As Jia Tolentino wrote in 2017 for the New Yorker, “There’s a specific sort of ultra-confessional essay, written by a person you’ve never heard of and published online, that flourished until recently and now hardly registers.” According to Tolentino, the decline is partly due to ad-based publishing models endlessly pivoting, but it’s also because the genre became a high-risk venture for women writers that rarely guaranteed a high return. “Personal essays cry out for identification and connection; what their authors often got was distancing and shame,” she writes. Despite this, I have always been drawn to narrative voices who aren’t afraid to get ugly to keep themselves recognizably human. And while the first-person confessional may have fallen out of favor, I still find myself drawn to books and authors who use their perspective to question the validity of self-truths and societal expectations.
Perkins pushes the genre forward, asking questions such as: Who is considered desirable, and why? What does it mean to be desirable if beauty standards are the products of white supremacy? Like beauty standards, Perkins’s memoir shows that pop culture isn’t born in a vacuum. Our identities are never truly free from external influences and are often crystallized in opposition to societal and cultural demands. For Black women, living in a world that denies our full spectrum of emotions means that our vulnerability is something to be protected, not feared. As Perkins so vividly illustrates, there’s transformative wisdom to be found in softness.
Desirability is a running theme throughout your book. A lot of the essays explore the intersection of pop culture, feminine beauty standards, and heterosexual desirability. Now that we’re living in this age of social media and “Instagram face,” how has online culture contributed to the changing perception of desirability?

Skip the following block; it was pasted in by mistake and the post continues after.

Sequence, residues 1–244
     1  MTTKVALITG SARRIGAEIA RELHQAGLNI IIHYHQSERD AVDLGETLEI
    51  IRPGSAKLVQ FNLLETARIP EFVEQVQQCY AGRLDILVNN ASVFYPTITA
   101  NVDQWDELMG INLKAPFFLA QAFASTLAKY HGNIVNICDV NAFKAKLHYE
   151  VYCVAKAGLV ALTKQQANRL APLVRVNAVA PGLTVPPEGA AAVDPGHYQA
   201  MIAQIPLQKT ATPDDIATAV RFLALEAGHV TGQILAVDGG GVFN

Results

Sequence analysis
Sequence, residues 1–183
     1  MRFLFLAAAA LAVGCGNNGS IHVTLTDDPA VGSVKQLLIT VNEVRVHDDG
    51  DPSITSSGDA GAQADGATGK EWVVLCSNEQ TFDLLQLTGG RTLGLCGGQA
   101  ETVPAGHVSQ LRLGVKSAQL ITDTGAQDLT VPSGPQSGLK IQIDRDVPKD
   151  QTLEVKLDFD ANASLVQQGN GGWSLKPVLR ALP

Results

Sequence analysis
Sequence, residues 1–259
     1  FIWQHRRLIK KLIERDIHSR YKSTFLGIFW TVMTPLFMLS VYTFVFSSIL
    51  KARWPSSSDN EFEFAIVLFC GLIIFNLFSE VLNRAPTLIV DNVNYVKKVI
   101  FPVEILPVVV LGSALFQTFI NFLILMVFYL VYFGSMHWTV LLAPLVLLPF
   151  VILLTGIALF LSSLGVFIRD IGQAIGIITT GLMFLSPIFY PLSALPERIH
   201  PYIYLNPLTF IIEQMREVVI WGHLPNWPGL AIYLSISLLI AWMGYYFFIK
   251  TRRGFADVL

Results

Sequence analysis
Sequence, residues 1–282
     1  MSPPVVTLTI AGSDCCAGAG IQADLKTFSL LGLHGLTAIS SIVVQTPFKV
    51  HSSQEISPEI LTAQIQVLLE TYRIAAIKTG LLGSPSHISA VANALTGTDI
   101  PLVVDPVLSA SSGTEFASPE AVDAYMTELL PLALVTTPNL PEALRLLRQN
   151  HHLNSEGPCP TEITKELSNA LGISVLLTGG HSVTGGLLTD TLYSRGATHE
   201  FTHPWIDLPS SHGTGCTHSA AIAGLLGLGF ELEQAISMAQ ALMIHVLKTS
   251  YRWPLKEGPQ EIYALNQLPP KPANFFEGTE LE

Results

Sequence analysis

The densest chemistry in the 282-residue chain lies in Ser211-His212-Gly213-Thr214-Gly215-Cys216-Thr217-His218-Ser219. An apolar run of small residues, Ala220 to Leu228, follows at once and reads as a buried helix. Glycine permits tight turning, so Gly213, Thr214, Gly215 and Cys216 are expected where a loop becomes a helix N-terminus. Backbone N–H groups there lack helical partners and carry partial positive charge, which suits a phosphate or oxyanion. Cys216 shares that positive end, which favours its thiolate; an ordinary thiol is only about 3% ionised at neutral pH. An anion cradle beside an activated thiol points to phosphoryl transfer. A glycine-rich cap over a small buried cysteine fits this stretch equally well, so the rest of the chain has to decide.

Social media contributed a lot. I hate to say that because I feel like I’m going back to my teenage years. But I’ve noticed that beauty has become this thing where we’re all supposed to look the same. Everyone has to have the same kind of “Instagram face”—very full lips, overly full lips, or overly drawn lips, the nose and the cheekbones have to be just so, and the eyes have to be tilted at a certain angle. People want to look like each other as opposed to trying to figure out how to stand out in the crowd. That bothers me a lot because beauty is what happens when you stand out, when you don’t look like everybody else.
It just seems odd, but it’s distributed in such a way that people don’t know how they look anymore without filters. The filters started out being these really cute, funny things where you could throw on some dog ears. [Then] the filter became No, this is how I want to look all the time. It becomes this weird delusion because you can’t look like a filter in real life. Social media has changed a lot of what we consider desirable. I know I’ve made conscious decisions to focus on things that aren’t necessarily physical.
Speaking of being mindful about self-care and image, has the pandemic changed the way you manage your self-care?